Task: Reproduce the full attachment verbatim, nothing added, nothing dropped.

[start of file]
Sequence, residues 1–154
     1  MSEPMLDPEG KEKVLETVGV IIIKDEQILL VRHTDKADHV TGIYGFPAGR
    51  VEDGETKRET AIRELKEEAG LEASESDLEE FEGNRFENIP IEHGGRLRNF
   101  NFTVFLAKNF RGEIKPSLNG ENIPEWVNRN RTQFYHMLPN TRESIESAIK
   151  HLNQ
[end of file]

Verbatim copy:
Sequence, residues 1–154
     1  MSEPMLDPEG KEKVLETVGV IIIKDEQILL VRHTDKADHV TGIYGFPAGR
    51  VEDGETKRET AIRELKEEAG LEASESDLEE FEGNRFENIP IEHGGRLRNF
   101  NFTVFLAKNF RGEIKPSLNG ENIPEWVNRN RTQFYHMLPN TRESIESAIK
   151  HLNQ